Jefferson’s mother looked back at the car, where Gatito was waiting in the carrier.

“I’m so sorry your kitten is sick,” she said. “I’m sorry, I don’t think we can leave Gatito. I thought we could, but we can’t.”

Then Jefferson and his mother got back in the car and drove back into town with the cat.

Jefferson decided it was the best day of his life.

The next day, he heard a crash in the kitchen. Then he heard his mother saying bad words.

He rushed down the stairs.

“What happened?” he asked.

“Jefferson, take that cat and go outside,” she said. “That darned Gatito ate my pie!”

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Chaos: The gift that keeps giving

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A long, long time ago, when my husband was just my coworker, we were sitting across from each other in a restaurant and he said to me, “Do you know what I don’t understand? Why isn’t there more chaos? I mean, why do people follow rules and do what they’re supposed to do, like stop at red lights?”

I was confounded. From my point-of-view, there was plenty of chaos in the world and plenty to be afraid of. People running red lights were the least of it. The Boogie Man was and is absolutely real. I knew it because there were stories about him in the paper every single day. I had even written some of them.

I thought that perhaps our different perspectives were the result of my then-coworker being a guy and me not being one, and also of our upbringings. I came from a dysfunctional family, and I warned him early when we started dating: If it was chaos he wanted, he had come to the right place.

That was 12 years ago, or something like that. Nowadays, by 9 a.m. on a Saturday morning, there is enough chaos in our home to overstimulate a statue. The 8-year-old boy is on the computer watching YouTube videos and making noises that sound like a dying moose. (Don’t ask.) The 5-year-old girl is in the next room singing a song that she made up while watercolor painting. It will take three trips down two flights of stairs to gather up and start the laundry that needs to be done. One of us needs to go to work at one of our second jobs, and no one has had breakfast yet.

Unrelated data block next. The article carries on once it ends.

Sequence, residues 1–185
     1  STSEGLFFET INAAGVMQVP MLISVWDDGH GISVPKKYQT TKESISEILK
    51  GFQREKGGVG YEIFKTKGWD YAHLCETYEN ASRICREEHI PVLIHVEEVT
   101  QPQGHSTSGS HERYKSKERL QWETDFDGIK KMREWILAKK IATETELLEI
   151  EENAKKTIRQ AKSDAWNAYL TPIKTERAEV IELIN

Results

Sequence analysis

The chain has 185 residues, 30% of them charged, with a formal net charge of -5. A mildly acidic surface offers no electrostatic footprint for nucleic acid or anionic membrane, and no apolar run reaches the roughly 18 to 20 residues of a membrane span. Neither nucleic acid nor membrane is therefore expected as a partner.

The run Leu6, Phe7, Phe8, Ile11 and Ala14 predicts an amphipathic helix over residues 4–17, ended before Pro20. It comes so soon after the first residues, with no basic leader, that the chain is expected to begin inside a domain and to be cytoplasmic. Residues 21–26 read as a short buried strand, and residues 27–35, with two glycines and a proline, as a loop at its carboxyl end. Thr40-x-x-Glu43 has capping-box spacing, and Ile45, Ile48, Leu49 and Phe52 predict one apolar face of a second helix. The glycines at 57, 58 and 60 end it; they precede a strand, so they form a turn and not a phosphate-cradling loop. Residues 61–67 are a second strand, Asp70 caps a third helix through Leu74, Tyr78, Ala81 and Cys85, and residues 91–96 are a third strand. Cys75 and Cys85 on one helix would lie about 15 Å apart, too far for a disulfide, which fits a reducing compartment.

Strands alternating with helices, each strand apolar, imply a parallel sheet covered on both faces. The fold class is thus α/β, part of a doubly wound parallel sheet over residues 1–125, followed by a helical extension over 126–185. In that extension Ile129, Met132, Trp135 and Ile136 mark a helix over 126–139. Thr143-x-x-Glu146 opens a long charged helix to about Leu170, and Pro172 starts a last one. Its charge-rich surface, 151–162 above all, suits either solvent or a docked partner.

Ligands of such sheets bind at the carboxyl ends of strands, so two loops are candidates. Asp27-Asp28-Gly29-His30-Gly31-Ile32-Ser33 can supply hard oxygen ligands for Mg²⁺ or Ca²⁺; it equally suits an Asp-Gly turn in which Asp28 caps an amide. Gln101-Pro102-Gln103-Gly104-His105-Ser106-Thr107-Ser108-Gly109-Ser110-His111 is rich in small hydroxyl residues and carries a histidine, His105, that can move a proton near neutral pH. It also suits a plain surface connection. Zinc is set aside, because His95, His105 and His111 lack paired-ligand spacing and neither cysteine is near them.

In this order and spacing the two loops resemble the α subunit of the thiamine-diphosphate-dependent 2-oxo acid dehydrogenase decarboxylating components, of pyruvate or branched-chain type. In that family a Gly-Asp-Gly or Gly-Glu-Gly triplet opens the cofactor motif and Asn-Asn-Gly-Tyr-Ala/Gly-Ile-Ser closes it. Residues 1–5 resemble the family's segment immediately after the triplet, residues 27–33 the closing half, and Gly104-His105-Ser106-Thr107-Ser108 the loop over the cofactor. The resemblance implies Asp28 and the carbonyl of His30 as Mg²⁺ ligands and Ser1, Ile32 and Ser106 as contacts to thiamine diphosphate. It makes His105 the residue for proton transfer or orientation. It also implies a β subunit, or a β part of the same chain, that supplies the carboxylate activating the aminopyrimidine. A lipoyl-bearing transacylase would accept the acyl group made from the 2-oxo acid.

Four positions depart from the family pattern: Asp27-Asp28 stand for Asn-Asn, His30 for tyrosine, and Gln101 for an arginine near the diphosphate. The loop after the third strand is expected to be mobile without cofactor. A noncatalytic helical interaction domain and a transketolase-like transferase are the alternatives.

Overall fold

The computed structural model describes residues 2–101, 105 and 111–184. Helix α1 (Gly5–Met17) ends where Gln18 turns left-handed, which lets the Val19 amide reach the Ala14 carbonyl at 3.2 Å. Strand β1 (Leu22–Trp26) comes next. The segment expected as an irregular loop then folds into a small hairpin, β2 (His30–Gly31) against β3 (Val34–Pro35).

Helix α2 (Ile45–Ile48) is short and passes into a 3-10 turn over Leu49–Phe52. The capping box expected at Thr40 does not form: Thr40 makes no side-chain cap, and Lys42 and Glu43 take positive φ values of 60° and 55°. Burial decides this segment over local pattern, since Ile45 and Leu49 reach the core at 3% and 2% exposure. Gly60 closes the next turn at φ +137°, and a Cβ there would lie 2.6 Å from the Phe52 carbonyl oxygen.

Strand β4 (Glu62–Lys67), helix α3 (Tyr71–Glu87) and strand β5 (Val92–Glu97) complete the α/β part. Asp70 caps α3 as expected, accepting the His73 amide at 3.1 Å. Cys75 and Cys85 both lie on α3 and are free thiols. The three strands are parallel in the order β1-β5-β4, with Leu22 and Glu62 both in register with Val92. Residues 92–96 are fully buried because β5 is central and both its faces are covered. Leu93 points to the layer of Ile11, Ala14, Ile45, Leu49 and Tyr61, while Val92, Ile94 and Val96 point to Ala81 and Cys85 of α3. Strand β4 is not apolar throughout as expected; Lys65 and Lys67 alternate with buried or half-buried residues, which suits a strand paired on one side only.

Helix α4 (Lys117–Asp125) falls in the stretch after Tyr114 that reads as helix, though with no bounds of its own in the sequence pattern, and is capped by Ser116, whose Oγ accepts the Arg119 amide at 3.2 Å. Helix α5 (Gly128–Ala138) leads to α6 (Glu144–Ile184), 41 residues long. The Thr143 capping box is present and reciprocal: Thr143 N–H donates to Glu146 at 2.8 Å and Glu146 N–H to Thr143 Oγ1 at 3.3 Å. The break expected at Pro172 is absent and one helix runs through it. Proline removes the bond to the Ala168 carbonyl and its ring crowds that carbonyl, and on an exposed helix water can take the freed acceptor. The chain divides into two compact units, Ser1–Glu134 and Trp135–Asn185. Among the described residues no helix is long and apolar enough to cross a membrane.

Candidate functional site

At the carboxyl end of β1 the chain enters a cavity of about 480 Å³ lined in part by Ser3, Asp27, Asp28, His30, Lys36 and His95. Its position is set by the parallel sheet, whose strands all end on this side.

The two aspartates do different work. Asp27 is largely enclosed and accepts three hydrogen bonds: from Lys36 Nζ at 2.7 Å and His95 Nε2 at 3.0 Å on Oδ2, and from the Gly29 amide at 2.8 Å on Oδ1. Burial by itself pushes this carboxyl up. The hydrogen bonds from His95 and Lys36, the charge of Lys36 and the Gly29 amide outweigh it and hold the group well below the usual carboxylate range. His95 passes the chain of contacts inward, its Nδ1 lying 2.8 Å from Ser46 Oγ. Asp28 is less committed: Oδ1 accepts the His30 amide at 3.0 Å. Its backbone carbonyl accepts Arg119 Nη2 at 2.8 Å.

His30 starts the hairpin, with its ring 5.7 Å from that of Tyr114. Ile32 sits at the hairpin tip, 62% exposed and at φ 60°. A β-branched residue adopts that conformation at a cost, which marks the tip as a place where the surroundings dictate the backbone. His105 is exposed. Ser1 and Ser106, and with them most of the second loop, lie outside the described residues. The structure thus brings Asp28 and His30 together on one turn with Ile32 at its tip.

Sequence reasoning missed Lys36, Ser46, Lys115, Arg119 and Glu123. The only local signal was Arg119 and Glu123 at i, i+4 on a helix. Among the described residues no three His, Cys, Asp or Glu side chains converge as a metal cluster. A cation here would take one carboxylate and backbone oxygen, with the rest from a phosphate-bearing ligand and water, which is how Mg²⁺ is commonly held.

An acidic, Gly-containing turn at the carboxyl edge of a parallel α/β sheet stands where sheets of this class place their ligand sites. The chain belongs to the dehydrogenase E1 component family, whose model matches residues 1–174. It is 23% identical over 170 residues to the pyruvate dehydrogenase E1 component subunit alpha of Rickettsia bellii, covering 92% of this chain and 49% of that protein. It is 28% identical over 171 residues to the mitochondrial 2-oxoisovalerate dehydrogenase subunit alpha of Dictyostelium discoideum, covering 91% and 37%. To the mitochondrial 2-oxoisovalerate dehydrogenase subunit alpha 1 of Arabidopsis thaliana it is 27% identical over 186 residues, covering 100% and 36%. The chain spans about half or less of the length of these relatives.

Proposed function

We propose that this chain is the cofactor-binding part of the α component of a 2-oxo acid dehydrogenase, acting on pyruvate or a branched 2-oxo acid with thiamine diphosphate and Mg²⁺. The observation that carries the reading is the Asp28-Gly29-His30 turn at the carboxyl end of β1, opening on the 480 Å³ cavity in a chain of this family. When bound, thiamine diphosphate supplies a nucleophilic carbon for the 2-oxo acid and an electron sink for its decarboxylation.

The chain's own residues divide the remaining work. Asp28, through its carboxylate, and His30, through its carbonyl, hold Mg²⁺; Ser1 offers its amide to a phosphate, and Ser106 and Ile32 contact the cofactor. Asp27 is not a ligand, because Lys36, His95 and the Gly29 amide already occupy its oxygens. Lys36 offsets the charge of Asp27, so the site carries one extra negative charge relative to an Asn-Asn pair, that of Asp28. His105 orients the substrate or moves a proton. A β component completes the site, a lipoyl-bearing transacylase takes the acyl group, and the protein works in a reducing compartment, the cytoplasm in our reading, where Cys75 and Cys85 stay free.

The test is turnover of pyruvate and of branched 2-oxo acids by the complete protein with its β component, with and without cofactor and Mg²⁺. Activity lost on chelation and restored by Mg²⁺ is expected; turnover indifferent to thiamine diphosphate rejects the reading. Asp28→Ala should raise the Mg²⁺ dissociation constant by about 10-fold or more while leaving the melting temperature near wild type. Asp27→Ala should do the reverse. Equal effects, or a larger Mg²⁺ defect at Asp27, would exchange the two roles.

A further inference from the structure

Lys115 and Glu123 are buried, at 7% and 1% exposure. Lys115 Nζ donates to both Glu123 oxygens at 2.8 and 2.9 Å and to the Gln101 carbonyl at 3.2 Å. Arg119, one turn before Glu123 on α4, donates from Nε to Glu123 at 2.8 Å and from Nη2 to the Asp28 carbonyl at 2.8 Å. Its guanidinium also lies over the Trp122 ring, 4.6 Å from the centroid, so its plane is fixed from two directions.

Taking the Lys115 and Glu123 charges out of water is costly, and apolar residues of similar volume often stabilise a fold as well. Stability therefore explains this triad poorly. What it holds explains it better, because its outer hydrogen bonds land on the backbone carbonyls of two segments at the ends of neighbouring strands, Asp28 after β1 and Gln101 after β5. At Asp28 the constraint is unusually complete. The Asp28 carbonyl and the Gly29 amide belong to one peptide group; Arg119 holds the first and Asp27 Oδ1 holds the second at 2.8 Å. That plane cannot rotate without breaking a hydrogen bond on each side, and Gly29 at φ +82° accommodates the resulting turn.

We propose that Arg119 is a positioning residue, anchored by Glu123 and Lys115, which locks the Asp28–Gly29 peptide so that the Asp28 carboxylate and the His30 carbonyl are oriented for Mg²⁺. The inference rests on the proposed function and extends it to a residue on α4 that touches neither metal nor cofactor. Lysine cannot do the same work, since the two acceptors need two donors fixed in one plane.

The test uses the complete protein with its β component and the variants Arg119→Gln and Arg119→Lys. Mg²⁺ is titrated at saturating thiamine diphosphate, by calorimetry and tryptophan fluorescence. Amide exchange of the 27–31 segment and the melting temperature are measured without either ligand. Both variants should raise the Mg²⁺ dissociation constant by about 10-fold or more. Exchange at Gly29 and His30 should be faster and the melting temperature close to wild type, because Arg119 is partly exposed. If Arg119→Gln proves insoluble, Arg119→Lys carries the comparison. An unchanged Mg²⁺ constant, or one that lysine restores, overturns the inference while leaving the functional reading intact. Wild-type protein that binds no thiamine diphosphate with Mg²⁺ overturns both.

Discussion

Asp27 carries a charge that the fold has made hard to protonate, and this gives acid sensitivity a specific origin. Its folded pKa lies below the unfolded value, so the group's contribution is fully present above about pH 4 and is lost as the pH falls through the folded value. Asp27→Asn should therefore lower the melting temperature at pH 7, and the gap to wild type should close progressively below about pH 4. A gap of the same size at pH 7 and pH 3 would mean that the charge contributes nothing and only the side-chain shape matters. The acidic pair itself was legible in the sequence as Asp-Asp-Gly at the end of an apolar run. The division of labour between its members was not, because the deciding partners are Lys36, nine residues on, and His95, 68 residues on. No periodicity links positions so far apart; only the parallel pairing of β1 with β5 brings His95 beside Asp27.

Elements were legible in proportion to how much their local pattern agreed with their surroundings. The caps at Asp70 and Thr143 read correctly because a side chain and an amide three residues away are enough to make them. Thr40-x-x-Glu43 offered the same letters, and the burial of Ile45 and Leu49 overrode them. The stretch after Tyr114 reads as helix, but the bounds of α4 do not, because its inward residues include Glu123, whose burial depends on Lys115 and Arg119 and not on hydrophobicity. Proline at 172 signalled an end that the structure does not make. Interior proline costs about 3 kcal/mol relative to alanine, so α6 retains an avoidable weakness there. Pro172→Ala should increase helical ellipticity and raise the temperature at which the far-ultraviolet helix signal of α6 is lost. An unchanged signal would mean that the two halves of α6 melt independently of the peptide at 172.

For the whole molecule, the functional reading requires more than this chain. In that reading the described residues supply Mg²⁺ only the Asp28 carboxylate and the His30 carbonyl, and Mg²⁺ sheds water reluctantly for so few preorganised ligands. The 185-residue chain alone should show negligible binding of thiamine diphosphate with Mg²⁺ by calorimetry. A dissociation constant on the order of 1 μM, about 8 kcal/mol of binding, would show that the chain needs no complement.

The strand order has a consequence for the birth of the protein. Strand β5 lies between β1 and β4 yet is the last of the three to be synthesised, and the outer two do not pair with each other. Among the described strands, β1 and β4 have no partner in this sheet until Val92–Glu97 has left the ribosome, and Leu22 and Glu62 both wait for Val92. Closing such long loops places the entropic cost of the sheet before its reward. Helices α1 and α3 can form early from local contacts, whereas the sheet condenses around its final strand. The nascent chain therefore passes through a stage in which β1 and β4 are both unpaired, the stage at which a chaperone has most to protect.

Choosing a Father’s Day card for your husband gets harder and harder when you’ve been married awhile, until you realize that you don’t have to choose one with a sickeningly mushy message about how he is the love of your life. He knows that already. You have vowed to love, honor and cherish him for eternity. This year, my husband’s Father’s Day card uses metaphors and puns to compare him to several different kinds of fish. I think he’ll like it because he’s both a fisherman and an English teacher.

I’m not the easiest wife in the world because I insist on clinging to the notion that marriage should involve a certain amount of equality in the division of labor. Older women tell me this is nonsense and that I should just be glad that my husband doesn’t spend his evenings in a bar with other women the way that all those guys on “Mad Men” do. I’ll admit I see their point. When I look at what’s out there in terms of men, well, there are some great guys and good fathers, but there are a lot of bad ones, too.

All I know is that whenever my husband leaves the house, several things happen within the first hour that he is gone. The toilet backs up. The smoke alarm goes off. Something breaks. Just this morning, the 5-year-old accidentally locked us all out of the downstairs bathroom. It’s not one of those problems I would have an easy time fixing, but I didn’t scream about it because I knew that as soon as he came home, my husband could and would remedy the situation without much fanfare. I may be a witch of a nag who expects a man to babysit his own children a lot and even do laundry on a semi-regular basis, but I could not raise these kids without him. He is the only person on the planet who would go through this with me. I know that much is true.